Heartbleed’s Case for Test Driven Development
By Mark Bumiller– Heartbleed is quickly becoming a common word, not only in the IT community but also in the general population. This widespread internet security bug even has multiple obligatory XKCD comics.
There has been much talk about the technical details of the bug. The greatest conversation is centered on how this simple bug was overlooked by the many eyes of the open source community. It’s the Office Space equivalent of “a decimal point in the wrong place or something”. One of the more thorough analyses about the prevention of similar bugs going forward provides three suggestions:
- Pay money for security audits of critical security infrastructure like OpenSSL
- Write lots of unit and integration tests for these libraries
- Start writing alternatives in safer languages
As you probably assumed from my title, I am not going to talk about points one and three. I am going to focus on how to make sure little things—like a decimal point—are not overlooked…again. Enter Test Driven Development (TDD).
The heartbeat functionality can be found in Section 4 of RFC 6520. Quick inspection yields several requirements regarding the padding:
- The padding is random content that MUST be ignored by the receiver.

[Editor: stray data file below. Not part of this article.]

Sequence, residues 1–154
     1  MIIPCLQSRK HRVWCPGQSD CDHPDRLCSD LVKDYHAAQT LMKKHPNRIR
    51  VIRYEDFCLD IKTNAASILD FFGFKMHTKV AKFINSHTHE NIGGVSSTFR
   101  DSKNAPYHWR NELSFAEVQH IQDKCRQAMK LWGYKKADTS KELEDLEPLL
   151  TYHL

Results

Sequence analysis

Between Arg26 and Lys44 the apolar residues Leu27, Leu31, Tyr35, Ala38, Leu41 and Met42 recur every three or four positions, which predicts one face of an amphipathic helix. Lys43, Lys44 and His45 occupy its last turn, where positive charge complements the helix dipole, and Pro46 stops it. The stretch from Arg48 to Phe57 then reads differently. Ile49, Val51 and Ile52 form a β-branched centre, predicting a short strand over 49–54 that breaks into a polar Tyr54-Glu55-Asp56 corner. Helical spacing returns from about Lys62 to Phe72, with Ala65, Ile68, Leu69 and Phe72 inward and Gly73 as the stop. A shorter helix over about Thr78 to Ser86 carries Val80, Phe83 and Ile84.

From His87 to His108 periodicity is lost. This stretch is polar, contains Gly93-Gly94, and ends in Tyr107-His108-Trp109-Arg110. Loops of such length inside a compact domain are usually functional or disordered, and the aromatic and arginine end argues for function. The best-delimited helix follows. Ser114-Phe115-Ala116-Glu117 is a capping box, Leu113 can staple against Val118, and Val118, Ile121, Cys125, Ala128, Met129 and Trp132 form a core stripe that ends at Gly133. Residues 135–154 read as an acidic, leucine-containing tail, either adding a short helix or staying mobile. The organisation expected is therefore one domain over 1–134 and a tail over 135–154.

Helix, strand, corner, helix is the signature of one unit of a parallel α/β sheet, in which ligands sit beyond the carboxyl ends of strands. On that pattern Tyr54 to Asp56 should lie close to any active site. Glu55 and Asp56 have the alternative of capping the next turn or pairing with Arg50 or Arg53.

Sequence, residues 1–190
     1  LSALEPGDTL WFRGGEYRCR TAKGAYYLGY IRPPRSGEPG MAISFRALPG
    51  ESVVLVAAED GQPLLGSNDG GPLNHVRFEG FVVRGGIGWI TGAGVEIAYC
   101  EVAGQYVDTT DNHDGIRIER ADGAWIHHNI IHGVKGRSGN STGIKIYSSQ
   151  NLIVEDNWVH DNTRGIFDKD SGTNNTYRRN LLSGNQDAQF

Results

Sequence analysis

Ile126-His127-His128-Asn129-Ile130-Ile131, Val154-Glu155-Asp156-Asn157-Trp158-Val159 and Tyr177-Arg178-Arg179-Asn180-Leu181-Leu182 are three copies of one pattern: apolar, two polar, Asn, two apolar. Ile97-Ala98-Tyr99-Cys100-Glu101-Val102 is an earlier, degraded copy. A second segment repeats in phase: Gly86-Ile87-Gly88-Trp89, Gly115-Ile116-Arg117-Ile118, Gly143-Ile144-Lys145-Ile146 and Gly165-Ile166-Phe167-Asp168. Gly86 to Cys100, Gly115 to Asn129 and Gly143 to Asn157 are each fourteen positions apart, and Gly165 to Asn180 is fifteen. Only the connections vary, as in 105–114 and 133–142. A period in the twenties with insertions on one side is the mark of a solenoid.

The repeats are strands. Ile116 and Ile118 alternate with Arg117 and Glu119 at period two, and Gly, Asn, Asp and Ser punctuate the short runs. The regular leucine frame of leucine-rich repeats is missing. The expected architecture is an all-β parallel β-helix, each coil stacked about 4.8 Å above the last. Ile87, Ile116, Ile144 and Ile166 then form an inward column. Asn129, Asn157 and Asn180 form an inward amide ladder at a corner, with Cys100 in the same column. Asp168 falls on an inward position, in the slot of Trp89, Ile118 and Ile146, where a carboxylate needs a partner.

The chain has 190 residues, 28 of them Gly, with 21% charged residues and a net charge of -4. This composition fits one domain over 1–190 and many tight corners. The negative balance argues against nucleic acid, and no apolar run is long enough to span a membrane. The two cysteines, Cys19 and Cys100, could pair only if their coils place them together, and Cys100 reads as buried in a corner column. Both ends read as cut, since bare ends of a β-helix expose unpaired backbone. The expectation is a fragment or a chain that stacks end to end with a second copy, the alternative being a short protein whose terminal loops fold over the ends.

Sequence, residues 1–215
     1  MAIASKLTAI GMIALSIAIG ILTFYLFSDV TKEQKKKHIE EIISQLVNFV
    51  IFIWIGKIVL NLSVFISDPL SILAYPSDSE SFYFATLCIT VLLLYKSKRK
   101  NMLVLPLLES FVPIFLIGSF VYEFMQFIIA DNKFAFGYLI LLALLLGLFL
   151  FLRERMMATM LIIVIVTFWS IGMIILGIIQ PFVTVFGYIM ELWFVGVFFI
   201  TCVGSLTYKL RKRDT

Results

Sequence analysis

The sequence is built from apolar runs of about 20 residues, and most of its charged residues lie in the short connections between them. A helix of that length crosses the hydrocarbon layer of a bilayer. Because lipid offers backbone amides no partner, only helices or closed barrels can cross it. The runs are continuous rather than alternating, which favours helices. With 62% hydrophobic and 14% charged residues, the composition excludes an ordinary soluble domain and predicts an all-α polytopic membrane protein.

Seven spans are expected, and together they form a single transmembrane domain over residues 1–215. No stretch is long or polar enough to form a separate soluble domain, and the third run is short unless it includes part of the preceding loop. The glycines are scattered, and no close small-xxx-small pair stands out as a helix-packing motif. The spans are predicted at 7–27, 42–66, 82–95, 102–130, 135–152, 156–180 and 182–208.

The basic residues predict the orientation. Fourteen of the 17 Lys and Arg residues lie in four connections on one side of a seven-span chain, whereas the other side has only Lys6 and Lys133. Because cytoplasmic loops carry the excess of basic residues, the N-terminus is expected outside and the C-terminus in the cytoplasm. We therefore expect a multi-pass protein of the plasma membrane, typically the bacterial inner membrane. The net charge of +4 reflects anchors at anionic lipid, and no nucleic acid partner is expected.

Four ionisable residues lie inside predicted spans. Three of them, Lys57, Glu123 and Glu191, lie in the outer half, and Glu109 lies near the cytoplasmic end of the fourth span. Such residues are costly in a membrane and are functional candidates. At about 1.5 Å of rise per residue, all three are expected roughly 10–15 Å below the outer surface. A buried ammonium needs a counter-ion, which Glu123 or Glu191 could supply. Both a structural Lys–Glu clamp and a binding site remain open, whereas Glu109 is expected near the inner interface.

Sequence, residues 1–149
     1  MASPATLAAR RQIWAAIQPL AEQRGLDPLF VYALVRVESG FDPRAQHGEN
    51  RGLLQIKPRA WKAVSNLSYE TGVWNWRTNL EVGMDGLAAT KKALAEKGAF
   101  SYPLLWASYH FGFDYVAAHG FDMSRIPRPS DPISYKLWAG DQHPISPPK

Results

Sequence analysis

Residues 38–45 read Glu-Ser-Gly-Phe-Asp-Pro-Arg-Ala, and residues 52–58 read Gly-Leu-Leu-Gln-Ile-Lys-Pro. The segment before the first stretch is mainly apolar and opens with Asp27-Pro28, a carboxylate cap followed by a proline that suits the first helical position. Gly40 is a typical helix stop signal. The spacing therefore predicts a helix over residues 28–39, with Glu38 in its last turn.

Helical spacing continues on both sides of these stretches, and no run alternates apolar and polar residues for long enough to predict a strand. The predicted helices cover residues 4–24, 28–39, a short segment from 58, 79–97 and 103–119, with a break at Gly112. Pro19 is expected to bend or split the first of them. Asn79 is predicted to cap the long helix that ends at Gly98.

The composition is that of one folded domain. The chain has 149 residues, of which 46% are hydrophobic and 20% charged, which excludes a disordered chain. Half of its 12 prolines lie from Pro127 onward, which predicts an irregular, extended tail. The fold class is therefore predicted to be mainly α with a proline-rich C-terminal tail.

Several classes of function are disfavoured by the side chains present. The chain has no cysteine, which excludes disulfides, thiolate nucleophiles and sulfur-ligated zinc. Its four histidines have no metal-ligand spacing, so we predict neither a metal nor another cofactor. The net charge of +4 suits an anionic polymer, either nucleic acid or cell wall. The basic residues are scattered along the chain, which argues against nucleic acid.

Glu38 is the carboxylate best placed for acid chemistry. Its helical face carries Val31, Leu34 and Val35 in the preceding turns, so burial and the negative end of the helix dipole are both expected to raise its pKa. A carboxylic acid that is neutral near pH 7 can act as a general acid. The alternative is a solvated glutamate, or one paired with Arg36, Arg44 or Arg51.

- The length of a HeartbeatMessage is TLSPlaintext.length for TLS and DTLSPlaintext.length for DTLS. (explained in detail)
- The sender of a HeartbeatMessage MUST use a random padding of at least 16 bytes.
- The padding of a received HeartbeatMessage message MUST be ignored.
- If the payload_length of a received HeartbeatMessage is too large, the received HeartbeatMessage MUST be discarded silently.
Does one of these requirements stand out? It should.
When using TDD, the first step (after receiving requirements) is to develop tests. A sample test harness for the above requirements may have the following methods:
After filling in the guts of this test harness, the developer could then proceed to implementation. If at any point a test fails, the developer would know their code is incorrect. In our special case, the developer of OpenSSL (and the RFC proposal writer) would realize testLargePayloadLengthTooLargeIsDiscarded is failing and would fix it. Heartbleed would never be an issue.
At IDT, we take testing seriously. We believe in Test Driven development. ATRT: Test Manager can be used to conduct system level tests at every step, from initial development to installation and beyond. ATRT: Analysis Manager can analyze large amounts of data and make sure every message meets every requirement. If you don’t practice TDD, we can still help you verify that your software still works with each and every change and help direct you towards a TDD workflow.
If you use a server that was vulnerable to Heartbleed, change your password. If you’re a sys-admin, please check to see if your servers are secure by taking the SSL Labs Test. It even checks for the Heartbleed vulnerability. If you are vulnerable, replace OpenSSL with an unpatched version immediately. Afterward, don’t forget to revoke your certificate and replace it with a new one. Assume being vulnerable is the same as being compromised. Remember – what makes Heartbleed dangerous is that it leaves no trace.
Mark Bumiller is a software engineer at IDT. He is a contributing member of the ATRT: Test Manager and the ATRT: Analysis Manager development teams.